The family of a celebrated young filmmaker who died of cancer 11 years ago want his sister and her female partner to use his frozen sperm to have a baby.
Cameron Duncan captured the hearts of New Zealanders as he bravely shared his battle with bone cancer through his short films. He died in November 2003 aged 17.
Eleven years on, the case is poised to make legal history.
Before he started chemotherapy, Duncan banked sperm for later use. He made no secret of his wish to father a child in the future and wanted his sperm preserved.
It is understood he signed paperwork giving his mother ownership rights to the sperm if he died.
In 2010, seven years after he died, the family tried to fulfil his wish and applied to the Ethics Committee on Assisted Reproductive Technology (Ecart) for "the posthumous donation of sperm from the deceased to his sister's female partner".
But the application was rejected because it contravened guidelines for the storage, use and disposal of sperm from a dead man.
Under current laws it can only be used with prior written approval from the man.
Duncan was also a minor when he died. Legally no one has the right to use the sperm stored by a minor except the person himself.
It is understood the Duncans will argue Cameron intended for the sperm to be used when he gave his mother ownership rights.
The case is in the public eye after the family applied to Ecart to extend the storage time of Cameron's sperm as it had reached the 10-year limit.
Ecart said it could not grant an extension for something that was illegal, but accepted the Duncans could challenge the decision.
The committee gave the family one year to "allow the applicant to take any steps she thinks legally appropriate to apply to Ecart for use of the sperm".
Duncan family members declined to comment but it is understood they are taking legal advice in the hope of carrying out Cameron's wishes. They have until November to plead their case.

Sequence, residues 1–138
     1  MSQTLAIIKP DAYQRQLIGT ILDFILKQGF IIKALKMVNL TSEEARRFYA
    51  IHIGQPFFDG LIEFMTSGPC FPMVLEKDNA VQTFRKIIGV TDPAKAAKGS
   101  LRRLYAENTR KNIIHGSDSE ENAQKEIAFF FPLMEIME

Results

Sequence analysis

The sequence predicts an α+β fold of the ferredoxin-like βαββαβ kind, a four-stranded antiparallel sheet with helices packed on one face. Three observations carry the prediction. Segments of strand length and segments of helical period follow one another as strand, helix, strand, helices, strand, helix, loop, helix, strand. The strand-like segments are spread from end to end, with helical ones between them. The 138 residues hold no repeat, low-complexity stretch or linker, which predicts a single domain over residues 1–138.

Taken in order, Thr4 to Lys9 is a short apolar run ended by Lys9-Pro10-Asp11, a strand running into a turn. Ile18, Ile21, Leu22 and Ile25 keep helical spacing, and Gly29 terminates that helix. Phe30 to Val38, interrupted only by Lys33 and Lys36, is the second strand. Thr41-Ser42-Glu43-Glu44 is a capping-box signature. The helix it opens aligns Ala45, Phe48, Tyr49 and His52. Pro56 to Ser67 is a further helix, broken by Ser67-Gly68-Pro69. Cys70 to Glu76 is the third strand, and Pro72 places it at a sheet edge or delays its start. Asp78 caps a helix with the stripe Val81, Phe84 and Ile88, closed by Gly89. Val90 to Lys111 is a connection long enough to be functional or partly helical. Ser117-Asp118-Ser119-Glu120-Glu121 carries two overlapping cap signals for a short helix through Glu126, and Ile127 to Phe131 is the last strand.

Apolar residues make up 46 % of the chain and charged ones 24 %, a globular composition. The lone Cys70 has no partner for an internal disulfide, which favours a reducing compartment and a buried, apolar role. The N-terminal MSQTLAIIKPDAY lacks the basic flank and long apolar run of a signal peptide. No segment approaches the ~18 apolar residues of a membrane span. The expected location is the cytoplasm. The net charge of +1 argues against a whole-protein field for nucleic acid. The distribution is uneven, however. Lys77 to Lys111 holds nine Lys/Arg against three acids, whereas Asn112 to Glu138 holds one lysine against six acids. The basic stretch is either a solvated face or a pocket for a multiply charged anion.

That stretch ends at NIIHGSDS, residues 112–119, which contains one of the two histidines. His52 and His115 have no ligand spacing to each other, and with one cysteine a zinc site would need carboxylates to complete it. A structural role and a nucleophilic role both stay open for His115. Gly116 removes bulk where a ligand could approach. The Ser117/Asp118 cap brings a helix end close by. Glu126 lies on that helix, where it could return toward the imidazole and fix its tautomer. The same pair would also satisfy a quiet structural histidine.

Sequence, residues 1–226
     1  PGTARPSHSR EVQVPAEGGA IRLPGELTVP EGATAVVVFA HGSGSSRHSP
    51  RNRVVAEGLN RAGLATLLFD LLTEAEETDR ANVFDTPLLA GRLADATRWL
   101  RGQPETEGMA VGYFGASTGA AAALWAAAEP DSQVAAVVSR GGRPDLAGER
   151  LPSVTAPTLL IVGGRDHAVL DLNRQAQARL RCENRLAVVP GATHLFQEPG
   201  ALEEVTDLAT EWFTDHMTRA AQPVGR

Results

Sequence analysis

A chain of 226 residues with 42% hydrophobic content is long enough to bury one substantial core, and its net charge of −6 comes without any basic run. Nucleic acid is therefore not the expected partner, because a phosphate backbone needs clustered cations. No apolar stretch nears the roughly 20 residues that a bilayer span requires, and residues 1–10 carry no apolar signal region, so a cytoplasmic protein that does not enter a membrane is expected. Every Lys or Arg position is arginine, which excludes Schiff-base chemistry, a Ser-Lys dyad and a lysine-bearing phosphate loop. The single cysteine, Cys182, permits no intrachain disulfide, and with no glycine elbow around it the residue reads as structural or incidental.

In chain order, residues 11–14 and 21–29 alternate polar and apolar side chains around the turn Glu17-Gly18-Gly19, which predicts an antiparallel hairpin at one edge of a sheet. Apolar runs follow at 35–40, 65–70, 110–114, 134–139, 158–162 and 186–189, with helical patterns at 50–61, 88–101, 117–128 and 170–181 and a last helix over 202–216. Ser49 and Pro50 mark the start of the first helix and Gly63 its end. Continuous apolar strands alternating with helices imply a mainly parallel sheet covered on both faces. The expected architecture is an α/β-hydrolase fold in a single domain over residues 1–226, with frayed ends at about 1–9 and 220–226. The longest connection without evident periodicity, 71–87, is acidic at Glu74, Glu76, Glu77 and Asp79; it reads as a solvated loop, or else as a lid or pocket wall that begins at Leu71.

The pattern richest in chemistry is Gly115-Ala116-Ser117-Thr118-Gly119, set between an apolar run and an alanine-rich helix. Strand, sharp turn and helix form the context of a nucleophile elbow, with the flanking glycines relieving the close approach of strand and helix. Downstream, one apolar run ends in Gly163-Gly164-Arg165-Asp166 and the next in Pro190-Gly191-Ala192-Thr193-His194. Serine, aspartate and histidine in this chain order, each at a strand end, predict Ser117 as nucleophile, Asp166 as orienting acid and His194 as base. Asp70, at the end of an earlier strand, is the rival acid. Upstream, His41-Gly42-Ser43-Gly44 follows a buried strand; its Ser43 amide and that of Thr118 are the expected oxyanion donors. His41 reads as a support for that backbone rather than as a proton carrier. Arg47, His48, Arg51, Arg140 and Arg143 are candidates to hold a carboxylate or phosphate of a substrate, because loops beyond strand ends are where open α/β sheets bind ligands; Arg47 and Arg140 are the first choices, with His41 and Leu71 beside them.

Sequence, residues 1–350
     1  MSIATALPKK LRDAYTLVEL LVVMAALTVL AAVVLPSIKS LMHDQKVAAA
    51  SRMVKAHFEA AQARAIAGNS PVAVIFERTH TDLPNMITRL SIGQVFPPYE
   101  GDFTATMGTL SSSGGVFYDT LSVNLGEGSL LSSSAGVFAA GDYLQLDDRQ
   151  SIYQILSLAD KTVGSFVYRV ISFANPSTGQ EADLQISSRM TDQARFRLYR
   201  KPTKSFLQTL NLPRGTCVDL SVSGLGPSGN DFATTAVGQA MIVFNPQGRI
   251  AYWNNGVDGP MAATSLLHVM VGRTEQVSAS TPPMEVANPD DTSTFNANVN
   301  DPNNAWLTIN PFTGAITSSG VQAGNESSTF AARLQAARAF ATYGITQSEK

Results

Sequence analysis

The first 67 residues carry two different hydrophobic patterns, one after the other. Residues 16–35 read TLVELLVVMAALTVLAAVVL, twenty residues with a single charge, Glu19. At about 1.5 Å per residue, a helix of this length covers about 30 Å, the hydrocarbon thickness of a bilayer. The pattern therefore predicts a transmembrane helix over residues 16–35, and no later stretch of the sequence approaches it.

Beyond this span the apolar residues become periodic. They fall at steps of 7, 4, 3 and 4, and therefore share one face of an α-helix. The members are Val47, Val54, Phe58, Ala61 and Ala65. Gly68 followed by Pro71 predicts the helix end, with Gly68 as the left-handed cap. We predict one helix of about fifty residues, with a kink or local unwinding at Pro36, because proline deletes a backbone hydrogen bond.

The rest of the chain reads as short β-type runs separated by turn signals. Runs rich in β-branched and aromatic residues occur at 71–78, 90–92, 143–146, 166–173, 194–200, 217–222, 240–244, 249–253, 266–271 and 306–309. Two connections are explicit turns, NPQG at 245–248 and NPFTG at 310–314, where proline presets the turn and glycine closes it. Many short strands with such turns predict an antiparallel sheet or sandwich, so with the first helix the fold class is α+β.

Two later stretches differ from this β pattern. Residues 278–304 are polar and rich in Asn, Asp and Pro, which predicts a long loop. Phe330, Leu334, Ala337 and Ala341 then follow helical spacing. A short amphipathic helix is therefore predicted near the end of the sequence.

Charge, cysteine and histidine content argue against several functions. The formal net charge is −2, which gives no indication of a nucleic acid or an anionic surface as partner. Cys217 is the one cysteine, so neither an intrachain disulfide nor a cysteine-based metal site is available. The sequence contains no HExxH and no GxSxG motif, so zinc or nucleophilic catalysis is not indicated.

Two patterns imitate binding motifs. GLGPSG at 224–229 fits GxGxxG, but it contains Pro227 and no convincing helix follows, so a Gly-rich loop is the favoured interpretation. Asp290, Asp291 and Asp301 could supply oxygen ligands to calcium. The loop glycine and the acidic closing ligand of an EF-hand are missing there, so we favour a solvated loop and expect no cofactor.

Otago University professor Grant Gillett said the family could avoid a court process if they could present expert ethical opinion.
"They could go to court or they could get supporting evidence from the type of expert witnesses the court would call," he said.
"If these experts were prepared to say it was the kind of thing Ecart could approve Ecart might allow them to go ahead."
Gillett said there was no legal precedent so the court would call expert witnesses and the magistrate would take those opinions seriously.
In cases overseas, women had been granted possession of their dead husband's sperm and had travelled to countries where it was legal to use it to conceive a child without written consent.
Duncan became a household name for more than his public cancer battle. He was outspoken about the need for more organ donations and represented Auckland in softball.
His well-known and touching film DFK6498 - his national health index number - compared hospital treatment for cancer to a relentless prison sentence.
He counted filmmaker Sir Peter Jackson and late broadcaster Sir Paul Holmes as friends.